IT Security for New Zealand Businesses – The threat within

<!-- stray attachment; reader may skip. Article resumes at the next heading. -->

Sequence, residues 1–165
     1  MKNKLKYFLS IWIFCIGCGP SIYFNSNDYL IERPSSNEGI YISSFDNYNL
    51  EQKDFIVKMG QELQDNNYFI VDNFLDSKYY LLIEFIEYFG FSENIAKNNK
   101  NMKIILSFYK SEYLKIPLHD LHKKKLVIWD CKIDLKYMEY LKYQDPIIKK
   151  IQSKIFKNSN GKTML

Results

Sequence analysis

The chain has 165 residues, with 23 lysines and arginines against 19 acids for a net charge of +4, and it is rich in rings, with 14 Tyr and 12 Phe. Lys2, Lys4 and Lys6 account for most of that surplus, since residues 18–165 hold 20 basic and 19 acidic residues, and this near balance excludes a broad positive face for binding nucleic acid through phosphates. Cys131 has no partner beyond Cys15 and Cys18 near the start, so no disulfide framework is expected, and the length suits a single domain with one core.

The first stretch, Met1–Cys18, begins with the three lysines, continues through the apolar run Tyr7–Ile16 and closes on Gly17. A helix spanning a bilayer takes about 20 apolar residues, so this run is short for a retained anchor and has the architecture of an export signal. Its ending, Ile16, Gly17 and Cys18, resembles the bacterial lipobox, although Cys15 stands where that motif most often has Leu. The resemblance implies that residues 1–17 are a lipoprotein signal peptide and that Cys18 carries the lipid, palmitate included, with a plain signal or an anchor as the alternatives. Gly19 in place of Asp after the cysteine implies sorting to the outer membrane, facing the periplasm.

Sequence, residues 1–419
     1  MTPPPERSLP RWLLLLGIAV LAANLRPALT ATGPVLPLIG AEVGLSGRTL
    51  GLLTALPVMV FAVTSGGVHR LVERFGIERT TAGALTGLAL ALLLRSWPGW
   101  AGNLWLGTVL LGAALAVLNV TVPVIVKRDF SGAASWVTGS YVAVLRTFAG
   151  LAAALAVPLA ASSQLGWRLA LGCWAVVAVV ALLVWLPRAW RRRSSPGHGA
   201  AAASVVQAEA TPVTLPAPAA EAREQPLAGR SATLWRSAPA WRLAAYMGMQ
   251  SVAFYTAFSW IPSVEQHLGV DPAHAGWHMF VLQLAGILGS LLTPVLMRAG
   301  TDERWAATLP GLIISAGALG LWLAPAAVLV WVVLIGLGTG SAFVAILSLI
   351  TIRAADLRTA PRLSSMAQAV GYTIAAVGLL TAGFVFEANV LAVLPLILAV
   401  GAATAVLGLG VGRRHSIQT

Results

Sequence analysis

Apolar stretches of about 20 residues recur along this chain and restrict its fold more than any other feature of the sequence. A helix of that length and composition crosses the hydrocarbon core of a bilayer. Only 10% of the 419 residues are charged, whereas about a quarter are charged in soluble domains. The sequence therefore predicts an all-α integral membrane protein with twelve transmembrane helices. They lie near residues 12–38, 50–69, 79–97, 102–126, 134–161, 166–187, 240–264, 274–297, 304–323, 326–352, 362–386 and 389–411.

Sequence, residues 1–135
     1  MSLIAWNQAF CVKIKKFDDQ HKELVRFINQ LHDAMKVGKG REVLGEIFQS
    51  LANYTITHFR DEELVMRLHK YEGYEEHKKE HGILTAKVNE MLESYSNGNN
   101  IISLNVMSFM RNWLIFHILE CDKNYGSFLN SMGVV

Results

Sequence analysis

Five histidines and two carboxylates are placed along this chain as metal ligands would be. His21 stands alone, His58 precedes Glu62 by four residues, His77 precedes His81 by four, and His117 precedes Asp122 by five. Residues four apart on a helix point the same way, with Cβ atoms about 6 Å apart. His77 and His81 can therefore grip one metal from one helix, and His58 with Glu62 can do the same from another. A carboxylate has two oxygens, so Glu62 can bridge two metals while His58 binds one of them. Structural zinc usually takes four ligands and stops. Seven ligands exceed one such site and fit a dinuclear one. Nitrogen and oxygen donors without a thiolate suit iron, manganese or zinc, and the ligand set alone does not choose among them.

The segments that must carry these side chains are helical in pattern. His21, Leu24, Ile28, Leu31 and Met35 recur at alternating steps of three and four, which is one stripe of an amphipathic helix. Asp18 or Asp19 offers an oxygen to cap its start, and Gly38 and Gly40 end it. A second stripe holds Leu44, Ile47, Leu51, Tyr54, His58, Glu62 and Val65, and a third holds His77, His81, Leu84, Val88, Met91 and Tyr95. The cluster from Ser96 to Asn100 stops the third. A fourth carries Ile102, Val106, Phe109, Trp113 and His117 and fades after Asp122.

Data protection is the process of safeguarding important information from corruption, compromise or loss. Many of us will have watched with some concern the ongoing reports of hacking, ransomware (where a hacker locks or encrypts your company data and demands a ransom before releasing it) and data theft by outside agencies. IT Security Threats Pose New Risks for Owners and Directors As owners and Directors of businesses in this country, we cannot ignore the real risks presented to our companies by theft or destruction of company data. Stricter laws governing Director’s responsibility make risk management and mitigation very personal. Henri Elliot, Founder and CEO of Board Dynamics commented to me recently, “It is essential Directors take a strong position on all forms of risk. Risk should be on the Board’s agenda each month and should be appropriately categorised. For example – is a staff member taking a list of clients a company policy issue? An HR issue? An IT security issue? In truth, it is all of the above and Directors need to take a holistic approach.” Security Risks Are Mainly Internal The scary thing when we consider the risks around IT is that it is not the sneaky Russians or the depraved teenage geeks who represent the real threat to most businesses. In fact, it’s often quiet Jane from Finance or good old reliable Mac from Sales who represent the real and present danger. If you think I am being a bit dramatic (and my wife would agree with you) think again. Here are a few things that should give you food for thought. Nearly two-thirds of employees surveyed, who leave an organisation voluntarily or involuntarily, say they take sensitive data with them. That is a real wake-up call when you consider that your staff will almost inevitably have access to sales and customer records, design secrets and new product plans. Nine out of ten Information Technology (IT) staff surveyed indicated that if they lost their jobs whether through redundancy or by firing would take sensitive company data with them. Techies are extra smart, often socially inept and prone to impulsive behaviour when stressed. Just because Jason the geek is a bit dishevelled in the morning doesn’t mean he is not capable of revenge served cold. So how does Jane, Mac or Jason walk out the door with your most valuable secrets? In truth, they probably don’t. Your worst enemy is email. Over a quarter of data, thefts have been as simple as attaching a file to an email and sending it home or to a friend. Next on the IT security threat list for most small to medium businesses is that convenient friend, the USB stick. In many cases, these data downloads start quite innocently with your trusted person downloading files, so they can work from home.  It’s only when they are preparing to leave that the true value of the customer list they downloaded becomes clear. I can dwell on ways you can lose your company data, but in truth, this only serves to make you overly fearful. Instead, let’s look at a couple of the signals that your data may be at risk. Signals Your Data Might Be at Risk  Negative Work Events Laying off or firing staff, whatever the reason should be a signal that your data is at risk. A huge proportion of internal IT security failures come from a desire for revenge. If you are planning to terminate a staff member it is important that you monitor that person’s behaviour. A surge in large data files being downloaded or emails to an unusual address should be a huge red flag. Complacency In many cases, data security failures are just a case of staff members, managers, or owners who just don’t get it. Data is valuable only if you see it that way. The signals of complacency are often clear. You should be troubled by people violating simple IT security policies like keeping passwords protected. It is the company who will pay and the staff who end up with their jobs at risk if you ignore the knowingly irresponsible behaviour. Next month I will run through the key things you can do to reduce the risk of insider security threats without treating your much-loved people as if they are criminals.